Jurek: I’m on a show right now, a show called Titans, and the supersuits take months [to make], and cost hundreds of thousands of dollars. I look back and go, 'Wow.' This is a different version — it doesn’t have arms, it doesn’t have a lot of mass, but it’s kind of amazing that [this costume] was done in the time it was."
David Wellington (director): "Shooting the party scene was challenging because you’ve got all these little dramatic moments, but [you're also] trying to negotiate all those crazy background guys who are really rowdy, and a lot of glitter cannons. [Laughs] Just trying to keep the glitter in the air."
Jurek: "I think we must’ve printed a 30-foot Rage that was lit for people to walk through his legs. That was a note given from the writers room."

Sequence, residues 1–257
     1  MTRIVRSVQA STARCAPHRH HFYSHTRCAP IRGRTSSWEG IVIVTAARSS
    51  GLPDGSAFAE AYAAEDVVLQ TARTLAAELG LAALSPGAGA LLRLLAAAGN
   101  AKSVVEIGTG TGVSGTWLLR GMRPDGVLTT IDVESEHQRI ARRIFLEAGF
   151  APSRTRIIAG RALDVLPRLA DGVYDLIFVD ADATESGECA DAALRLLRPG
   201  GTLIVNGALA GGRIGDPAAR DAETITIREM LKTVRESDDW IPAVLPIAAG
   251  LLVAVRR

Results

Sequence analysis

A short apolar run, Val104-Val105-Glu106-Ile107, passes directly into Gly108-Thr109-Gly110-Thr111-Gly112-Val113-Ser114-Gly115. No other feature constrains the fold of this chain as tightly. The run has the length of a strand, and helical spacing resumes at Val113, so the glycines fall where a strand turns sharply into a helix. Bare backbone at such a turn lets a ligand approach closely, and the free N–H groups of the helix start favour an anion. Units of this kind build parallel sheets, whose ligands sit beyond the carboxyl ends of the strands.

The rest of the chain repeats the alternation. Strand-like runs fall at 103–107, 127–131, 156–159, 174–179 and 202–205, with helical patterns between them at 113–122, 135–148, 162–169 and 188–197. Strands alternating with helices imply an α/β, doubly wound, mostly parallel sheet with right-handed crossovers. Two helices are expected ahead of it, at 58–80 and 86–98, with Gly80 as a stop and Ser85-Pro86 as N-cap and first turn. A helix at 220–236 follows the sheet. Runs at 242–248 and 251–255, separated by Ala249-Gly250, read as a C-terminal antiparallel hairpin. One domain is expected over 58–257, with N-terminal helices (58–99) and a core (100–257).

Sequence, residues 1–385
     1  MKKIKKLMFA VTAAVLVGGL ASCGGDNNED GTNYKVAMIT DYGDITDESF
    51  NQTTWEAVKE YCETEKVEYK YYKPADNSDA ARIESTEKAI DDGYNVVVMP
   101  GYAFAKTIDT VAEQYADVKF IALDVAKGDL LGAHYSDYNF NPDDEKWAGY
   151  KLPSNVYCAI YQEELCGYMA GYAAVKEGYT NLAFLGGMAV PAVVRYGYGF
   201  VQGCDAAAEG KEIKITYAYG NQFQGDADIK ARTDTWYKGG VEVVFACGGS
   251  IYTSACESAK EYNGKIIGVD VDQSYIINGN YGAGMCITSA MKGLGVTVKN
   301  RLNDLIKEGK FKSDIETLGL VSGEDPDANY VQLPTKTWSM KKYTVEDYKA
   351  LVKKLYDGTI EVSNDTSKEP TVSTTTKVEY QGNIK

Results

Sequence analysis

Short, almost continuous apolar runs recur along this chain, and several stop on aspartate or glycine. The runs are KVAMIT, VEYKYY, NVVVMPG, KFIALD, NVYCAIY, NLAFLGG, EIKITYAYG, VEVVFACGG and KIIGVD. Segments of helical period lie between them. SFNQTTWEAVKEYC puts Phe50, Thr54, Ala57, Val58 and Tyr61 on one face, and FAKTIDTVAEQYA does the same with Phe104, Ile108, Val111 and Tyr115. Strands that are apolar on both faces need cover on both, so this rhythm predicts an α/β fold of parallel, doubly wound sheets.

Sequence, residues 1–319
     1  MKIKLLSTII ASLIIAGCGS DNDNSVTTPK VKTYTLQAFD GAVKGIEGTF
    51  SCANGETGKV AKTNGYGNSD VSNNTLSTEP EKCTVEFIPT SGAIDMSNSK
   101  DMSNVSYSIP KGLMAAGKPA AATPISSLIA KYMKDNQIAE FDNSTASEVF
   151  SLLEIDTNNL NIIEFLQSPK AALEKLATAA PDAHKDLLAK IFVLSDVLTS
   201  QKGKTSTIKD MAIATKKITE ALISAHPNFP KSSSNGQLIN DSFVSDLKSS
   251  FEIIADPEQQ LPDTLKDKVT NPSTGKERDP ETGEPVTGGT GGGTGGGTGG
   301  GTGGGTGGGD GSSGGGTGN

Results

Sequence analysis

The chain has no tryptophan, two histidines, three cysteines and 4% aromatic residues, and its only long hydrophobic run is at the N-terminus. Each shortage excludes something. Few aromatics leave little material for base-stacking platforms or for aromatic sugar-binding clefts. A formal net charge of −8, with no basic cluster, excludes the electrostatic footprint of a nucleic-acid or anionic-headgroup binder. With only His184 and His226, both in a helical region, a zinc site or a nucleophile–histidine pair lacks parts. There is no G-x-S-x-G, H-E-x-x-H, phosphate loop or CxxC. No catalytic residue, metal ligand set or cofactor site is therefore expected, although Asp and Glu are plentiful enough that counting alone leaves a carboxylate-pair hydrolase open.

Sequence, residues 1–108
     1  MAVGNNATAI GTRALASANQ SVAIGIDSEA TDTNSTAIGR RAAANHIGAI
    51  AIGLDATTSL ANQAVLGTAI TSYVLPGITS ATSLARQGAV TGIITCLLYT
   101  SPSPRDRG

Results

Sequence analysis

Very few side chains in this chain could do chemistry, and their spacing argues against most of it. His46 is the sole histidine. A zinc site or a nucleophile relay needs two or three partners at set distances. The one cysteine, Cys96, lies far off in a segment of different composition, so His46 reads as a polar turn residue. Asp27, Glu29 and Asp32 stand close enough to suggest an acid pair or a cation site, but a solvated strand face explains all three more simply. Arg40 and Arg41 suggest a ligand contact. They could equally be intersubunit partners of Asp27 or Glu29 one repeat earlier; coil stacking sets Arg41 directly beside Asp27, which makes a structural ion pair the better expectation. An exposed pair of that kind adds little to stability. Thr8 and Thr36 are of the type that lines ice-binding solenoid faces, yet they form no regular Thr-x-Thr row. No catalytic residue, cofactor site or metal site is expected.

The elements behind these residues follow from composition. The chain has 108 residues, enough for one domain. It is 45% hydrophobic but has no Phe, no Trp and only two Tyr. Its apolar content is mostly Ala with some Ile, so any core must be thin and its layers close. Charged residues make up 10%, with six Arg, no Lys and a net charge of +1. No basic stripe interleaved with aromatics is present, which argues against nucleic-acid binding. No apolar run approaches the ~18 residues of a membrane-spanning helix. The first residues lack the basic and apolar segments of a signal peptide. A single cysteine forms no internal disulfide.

Wellington: [Carnals] were special performers who would do the more raunchy stuff in the background. I did some scenes on some other episodes with like 15, 20 guys, and that was always an adventure. But mostly it was just trying to get them to occasionally tone it down a little bit."
The Hollywood Factor
In the last two seasons of the series, a young, gay, hotshot director named Brett Keller (Mike Shara) courts Michael and Justin for the movie rights to Rage. Justin travels to Los Angeles to explore the idea, being invited to extravagant poolside parties where men are hooking up in broad daylight.
Due to the similarity of their names and the comic book movie aspect (the X-Men franchise was in full swing by then), Keller has been compared to Bryan Singer, the director who's been accused of sexual assault and misconduct by several men over the past 22 years. (Singer has denied all wrongdoing, and some lawsuits have been withdrawn or dismissed.)